Introduction In Australia, people born in South-East Asia have the highest proportion of late human immunodeficiency virus (HIV) diagnosis. Late diagnosis has important implications for prevention, treatment and management of HIV. Limited evidence is available, however, on the testing behaviours of the South-East Asian migrant population and general Australian population.
Methods The study used quantitative and qualitative methods to assess uptake of, and barriers and facilitators to, HIV testing in Vietnamese- and Australian-born adults (18–49 years) in Queensland, Australia. A 66- item self-administered survey was given to participants (Vietnamese: n=188 and Australian: n=195) at selected sites in Brisbane using convenience sampling. The survey included demographic, HIV knowledge, HIV stigma, HIV risk, HIV testing and healthcare access items. Materials were available in Vietnamese and English. Qualitative interviews (n=8) were done with Vietnamese-born survey participants to further explore survey findings.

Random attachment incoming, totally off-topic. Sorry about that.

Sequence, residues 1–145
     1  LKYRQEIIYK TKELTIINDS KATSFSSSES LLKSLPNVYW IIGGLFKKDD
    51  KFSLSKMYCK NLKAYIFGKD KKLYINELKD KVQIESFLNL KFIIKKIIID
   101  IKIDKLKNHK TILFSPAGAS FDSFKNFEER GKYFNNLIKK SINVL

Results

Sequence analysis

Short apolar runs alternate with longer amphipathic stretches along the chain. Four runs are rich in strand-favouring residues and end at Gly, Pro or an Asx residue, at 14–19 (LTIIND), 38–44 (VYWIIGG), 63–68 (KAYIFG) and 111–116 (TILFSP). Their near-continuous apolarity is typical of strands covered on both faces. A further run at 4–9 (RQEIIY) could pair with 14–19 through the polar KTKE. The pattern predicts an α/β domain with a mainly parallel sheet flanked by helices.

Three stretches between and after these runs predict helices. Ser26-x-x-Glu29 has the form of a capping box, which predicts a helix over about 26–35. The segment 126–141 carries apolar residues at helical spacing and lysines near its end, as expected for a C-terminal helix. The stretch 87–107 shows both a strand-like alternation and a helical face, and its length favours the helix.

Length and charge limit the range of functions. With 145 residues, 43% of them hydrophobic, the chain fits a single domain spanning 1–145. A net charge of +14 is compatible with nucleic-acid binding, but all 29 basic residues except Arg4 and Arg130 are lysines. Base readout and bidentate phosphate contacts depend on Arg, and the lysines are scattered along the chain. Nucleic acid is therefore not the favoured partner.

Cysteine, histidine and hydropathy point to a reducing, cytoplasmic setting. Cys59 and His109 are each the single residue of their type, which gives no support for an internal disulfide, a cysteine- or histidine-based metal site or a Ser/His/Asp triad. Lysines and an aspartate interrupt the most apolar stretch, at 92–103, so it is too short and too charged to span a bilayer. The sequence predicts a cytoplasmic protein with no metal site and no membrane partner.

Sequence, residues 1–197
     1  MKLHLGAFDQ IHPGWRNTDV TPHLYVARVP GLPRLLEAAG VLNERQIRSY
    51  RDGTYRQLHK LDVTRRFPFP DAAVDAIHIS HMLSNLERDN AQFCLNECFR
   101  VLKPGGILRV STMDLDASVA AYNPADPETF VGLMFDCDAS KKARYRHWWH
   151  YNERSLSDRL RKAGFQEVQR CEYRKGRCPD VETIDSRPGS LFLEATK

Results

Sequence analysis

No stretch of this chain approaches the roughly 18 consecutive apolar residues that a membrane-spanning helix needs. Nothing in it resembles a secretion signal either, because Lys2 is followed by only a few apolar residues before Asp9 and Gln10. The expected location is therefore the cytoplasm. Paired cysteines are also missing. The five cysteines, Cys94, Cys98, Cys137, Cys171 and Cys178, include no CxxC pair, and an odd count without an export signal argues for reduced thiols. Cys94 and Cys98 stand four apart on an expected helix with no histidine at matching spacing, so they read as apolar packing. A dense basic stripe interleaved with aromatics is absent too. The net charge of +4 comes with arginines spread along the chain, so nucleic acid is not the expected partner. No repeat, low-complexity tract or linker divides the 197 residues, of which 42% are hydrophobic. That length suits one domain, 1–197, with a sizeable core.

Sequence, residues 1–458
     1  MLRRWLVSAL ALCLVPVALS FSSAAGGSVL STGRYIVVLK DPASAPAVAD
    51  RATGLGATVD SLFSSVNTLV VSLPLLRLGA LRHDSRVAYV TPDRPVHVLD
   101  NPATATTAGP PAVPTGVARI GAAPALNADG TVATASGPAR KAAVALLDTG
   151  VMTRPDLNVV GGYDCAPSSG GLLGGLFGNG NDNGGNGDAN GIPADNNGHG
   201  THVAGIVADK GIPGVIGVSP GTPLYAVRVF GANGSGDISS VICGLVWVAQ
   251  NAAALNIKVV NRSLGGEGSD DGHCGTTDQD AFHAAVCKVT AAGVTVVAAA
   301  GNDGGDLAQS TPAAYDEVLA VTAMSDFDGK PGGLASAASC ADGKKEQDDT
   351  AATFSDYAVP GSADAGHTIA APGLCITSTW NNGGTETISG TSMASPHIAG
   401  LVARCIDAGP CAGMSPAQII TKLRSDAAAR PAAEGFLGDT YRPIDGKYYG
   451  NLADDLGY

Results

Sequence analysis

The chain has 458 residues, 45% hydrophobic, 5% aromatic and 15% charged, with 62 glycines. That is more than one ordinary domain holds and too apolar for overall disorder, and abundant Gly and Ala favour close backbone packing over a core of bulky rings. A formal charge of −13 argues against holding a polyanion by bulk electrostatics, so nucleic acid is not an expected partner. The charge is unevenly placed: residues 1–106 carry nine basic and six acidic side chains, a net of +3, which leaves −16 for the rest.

Results No statistically significant differences were seen between the two groups in terms of ever tested, ever recommended a test, self-testing or same day testing. Vietnamese-born people were significantly more likely to have recently tested and to accept provider-initiated testing and counselling (PITC). Interview data also suggested a preference for PITC in the Vietnamese-born community, due to their trust in doctors. They also indicated potential high-risk sexual practices in Vietnamese-born men.
Conclusion The Australian- and Vietnamese-born populations had similar HIV testing practices. Preference for PITC, however, was greater in the Vietnamese-born population. PITC may help reduce late HIV diagnosis by overcoming a number of barriers associated with client-initiated testing, e.g. poor risk perception and knowledge. Further research on the preference for PITC in this population and with healthcare providers who would be offering PITC is needed. Additionally, research is needed into the risk of HIV exposure when travelling back to Vietnam.